Turning around a long and senseless struggle
COLUMBIA, Mo 1/27/16 (Op Ed) -- I've invested a ton of time, money, sweat, and tears in Columbia's First Ward, renovating over a dozen problem properties since 2002.
That 14 years has provided countless insights on the city's most diverse and interesting neighborhoods, including downtown, the Columbia College area, the former Sharp End black business district, and a broad swath from Providence Blvd. west.
The First Ward is chronically shortchanged, by City Hall, well-meaning but clueless non-profits, slumlords, and opportunistic corporate types, most notably student housing developers.
Turning this neglect around should be a top community priority. Here's a ten-point plan for city leaders on how to get that done.
1) Fix the infrastructure, especially storm flooding and sewer backups.
Water buildup plays havoc on the many wood-structured homes in the area, feeding mold, termites, and rot.
I offered to donate land to fix a storm flooding problem between 6th and 7th Streets engineers spelled out nine years ago. City government never responded. Countless other central city residents/property owners have struggled for decades to get City Hall off its class-obsessed ass. More lip service about "income inequality" and "affordable housing" we don't need.
The First Ward instead needs its fair share of taxpayer-supported resources.
2) Use CDBG grants to supplement, not replace, city tax dollars.
Need sidewalks built in Thornbrook? City Hall pays the bill. Need sidewalks built in central Columbia? The Federal government pays the bill, with Community Development Block Grants (CDBG)
I know of no other city that uses Federal money to replace
local tax dollars in low income neighborhoods. CDBG was established to supplement
-- add to -- local taxes to accelerate improvement in areas that need it.
Replacing local tax dollars with CDBG money (against which the city gets to charge administrative fees) is a slimy practice that's straight outta Ferguson.
3) Reform -- or scrap -- the 40-year-old Rental Unit Conservation Law
. The First Ward has a lot of rental property, both good -- and terrible. City Hall has turned what was a reasonable code compliance program into a Fergusonian money-making scheme that seeks revenue over safety
, ignoring slumlords but not their program fees.
The Rental Unit Conservation Law doesn’t apply to all the city equally (why firefighter Bruce Britt is dead), and doesn’t focus on the #1 hazard (fire inspectors are absent from the process). It's also enforced in ways that violate the US Constitution and other city ordinances.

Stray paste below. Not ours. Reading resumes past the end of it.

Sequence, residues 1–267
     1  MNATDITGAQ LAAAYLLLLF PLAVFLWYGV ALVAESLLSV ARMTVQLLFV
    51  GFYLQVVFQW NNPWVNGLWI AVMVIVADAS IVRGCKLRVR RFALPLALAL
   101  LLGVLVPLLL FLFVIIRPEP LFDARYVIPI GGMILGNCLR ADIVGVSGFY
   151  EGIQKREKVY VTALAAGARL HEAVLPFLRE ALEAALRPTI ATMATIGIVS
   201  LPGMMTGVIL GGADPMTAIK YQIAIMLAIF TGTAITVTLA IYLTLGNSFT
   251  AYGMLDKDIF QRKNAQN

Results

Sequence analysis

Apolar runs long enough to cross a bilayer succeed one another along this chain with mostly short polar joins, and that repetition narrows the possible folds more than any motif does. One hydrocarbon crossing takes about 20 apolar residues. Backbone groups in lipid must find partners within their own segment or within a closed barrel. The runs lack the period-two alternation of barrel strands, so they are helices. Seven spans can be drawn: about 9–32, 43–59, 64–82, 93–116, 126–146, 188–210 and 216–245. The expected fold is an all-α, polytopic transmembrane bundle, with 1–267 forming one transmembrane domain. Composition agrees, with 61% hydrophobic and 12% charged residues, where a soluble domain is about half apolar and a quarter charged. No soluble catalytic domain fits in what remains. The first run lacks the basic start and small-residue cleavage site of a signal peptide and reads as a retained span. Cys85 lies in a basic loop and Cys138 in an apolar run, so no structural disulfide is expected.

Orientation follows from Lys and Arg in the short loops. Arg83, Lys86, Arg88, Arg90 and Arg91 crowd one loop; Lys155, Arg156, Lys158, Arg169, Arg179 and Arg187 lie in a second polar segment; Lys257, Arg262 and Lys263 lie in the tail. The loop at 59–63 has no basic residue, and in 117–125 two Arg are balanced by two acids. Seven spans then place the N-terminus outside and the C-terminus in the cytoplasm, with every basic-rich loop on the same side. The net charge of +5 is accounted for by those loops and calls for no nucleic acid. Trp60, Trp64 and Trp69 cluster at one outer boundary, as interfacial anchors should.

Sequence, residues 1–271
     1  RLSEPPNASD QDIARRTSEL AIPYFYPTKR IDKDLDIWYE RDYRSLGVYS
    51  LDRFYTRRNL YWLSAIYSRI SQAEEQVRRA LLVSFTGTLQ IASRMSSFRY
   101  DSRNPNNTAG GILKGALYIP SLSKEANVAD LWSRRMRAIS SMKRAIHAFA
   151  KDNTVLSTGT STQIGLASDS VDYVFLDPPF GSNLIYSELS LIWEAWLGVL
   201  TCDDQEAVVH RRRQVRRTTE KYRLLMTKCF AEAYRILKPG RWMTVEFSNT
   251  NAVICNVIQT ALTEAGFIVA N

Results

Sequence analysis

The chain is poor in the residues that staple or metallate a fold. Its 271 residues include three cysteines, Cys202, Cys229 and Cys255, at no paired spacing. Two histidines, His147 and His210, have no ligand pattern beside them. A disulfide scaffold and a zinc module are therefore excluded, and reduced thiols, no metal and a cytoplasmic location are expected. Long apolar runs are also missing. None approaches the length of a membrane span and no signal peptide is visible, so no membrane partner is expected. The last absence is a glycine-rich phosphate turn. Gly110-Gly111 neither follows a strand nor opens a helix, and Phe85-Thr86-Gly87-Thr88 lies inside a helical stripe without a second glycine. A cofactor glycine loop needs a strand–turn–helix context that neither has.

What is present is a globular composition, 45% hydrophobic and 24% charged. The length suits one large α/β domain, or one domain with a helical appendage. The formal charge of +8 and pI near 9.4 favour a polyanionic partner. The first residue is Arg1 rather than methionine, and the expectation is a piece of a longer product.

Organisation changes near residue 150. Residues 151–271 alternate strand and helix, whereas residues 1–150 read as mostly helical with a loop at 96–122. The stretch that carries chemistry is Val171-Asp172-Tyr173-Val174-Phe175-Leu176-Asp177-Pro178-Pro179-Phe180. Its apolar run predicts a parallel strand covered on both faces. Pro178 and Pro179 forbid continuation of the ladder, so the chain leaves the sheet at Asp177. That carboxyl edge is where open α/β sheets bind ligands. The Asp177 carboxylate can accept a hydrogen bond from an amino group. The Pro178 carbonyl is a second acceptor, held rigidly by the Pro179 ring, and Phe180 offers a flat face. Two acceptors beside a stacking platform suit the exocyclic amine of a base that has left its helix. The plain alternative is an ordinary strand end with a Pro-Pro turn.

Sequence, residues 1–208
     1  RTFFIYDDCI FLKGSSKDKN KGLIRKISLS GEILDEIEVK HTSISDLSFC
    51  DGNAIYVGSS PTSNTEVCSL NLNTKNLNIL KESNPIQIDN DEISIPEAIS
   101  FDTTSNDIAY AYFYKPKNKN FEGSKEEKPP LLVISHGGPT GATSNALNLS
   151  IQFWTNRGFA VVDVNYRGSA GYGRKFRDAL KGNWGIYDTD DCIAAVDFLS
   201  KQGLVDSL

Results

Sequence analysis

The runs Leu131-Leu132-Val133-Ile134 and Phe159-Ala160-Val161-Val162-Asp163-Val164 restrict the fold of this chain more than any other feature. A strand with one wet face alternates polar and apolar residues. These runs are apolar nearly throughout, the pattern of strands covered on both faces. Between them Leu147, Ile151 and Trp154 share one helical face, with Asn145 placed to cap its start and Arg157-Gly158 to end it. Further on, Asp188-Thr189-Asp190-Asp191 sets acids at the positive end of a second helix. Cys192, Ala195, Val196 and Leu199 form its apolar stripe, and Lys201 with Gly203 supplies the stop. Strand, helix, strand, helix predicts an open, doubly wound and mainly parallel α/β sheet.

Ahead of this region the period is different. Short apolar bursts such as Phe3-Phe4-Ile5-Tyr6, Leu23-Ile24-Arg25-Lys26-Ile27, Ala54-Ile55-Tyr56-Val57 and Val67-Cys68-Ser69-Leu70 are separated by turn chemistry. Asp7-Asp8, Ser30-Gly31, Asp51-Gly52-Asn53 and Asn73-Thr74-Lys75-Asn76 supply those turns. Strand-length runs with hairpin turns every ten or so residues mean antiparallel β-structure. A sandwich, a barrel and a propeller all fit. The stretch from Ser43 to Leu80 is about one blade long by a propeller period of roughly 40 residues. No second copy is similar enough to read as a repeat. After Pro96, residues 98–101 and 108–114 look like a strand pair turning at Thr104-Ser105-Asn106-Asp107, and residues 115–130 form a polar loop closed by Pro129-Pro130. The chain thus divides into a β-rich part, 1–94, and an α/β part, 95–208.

Good compliance programs take time and resources; Columbia has dispensed with both in recent years for more profit.
4) Roll back the non-profit welcome mat.
Council and staff should have MUCH more oversight of activities like Turning Point, the Wilkes Blvd. United Methodist Church's inadequate homelessness service.
According to Columbia police dispatch logs, there were 129 police calls to the church over the last year, for overdose, larceny, harassment, assault, outstanding warrants, disturbances, drunk and disorderly, trespassing, vandalism.
The stress that concentrated, non-profit social services cause already-struggling neighborhoods cannot be over-stated.
Unless they can demonstrate clear expertise and a solid plan, nonprofits should NOT receive city money to build and sell houses, either. The foul-ups, at Central Missouri Community Action, Job Point, etc., are costly and many. The houses are invariably over-priced, ignore neighborhood dynamics, and end up sitting unsold -- or returned to the city or the housing authority.
5) Get City Hall OUT of the low-income housing business
. Because it can wield eminent domain, and is administered by non-neighborhood residents, city government has a warping influence on central city housing
6) Make it easier to open small shops and businesses.
Jefferson City has these enterprises in the heart of its central city, including some fairly large supermarkets. Columbia has starved its central city of these opportunities.
7) Turn control of neighborhood parks over to neighborhood park boards that don’t rely on city administrators -- many of whom don’t even live in Columbia -- to make decisions about neighborhood-centric places like Douglass Park.
8) Better monitor what’s driving the latest Federal money craze to hit low-income neighborhoods. The Feds are passing out big bucks to solve homelessness, hence: homeless Veterans homes, homeless drop in centers, etc. A few years ago, it was homeless teens. 50 years ago, Urban Renewal. Getting ahead of this curve will help planning, while keeping out the slimier players.
9) Don’t speak for or meddle in the black community. White First Ward Council Members, particularly Fred Schmidt and Ginny Chadwick, repeatedly step in shit with paternalistic, race-based rhetoric and program ideas. White folks who want to help the black community would help it best by leaving it the hell alone.
10) Get the School District (CPS) engaged. Drug-related shootings next to Hickman: Council person speaks. Mayor forms Crime Task Force. Media up in arms. Superintendent and School Board – silent. Crime and drugs hit kids, parents, and teachers HARD. Far better to work on resolving these thorny issues than on next year's tax increase.